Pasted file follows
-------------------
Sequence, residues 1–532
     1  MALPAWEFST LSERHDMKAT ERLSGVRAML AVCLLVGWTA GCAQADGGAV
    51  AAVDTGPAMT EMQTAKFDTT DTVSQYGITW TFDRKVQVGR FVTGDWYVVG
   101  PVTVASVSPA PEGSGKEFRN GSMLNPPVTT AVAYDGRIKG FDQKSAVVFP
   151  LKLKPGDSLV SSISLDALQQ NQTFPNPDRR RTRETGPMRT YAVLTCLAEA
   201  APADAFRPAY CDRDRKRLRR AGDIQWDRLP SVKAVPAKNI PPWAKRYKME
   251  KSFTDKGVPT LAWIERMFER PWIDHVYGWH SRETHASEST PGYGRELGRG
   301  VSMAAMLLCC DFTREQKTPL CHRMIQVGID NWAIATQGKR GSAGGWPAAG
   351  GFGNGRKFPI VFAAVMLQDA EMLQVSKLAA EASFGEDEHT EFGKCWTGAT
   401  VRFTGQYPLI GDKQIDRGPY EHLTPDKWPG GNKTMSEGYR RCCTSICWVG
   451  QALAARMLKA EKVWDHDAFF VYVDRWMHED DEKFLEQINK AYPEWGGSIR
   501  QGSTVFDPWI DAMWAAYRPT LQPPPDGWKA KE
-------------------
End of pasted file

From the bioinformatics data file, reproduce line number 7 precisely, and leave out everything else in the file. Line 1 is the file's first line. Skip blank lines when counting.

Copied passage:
   251  KSFTDKGVPT LAWIERMFER PWIDHVYGWH SRETHASEST PGYGRELGRG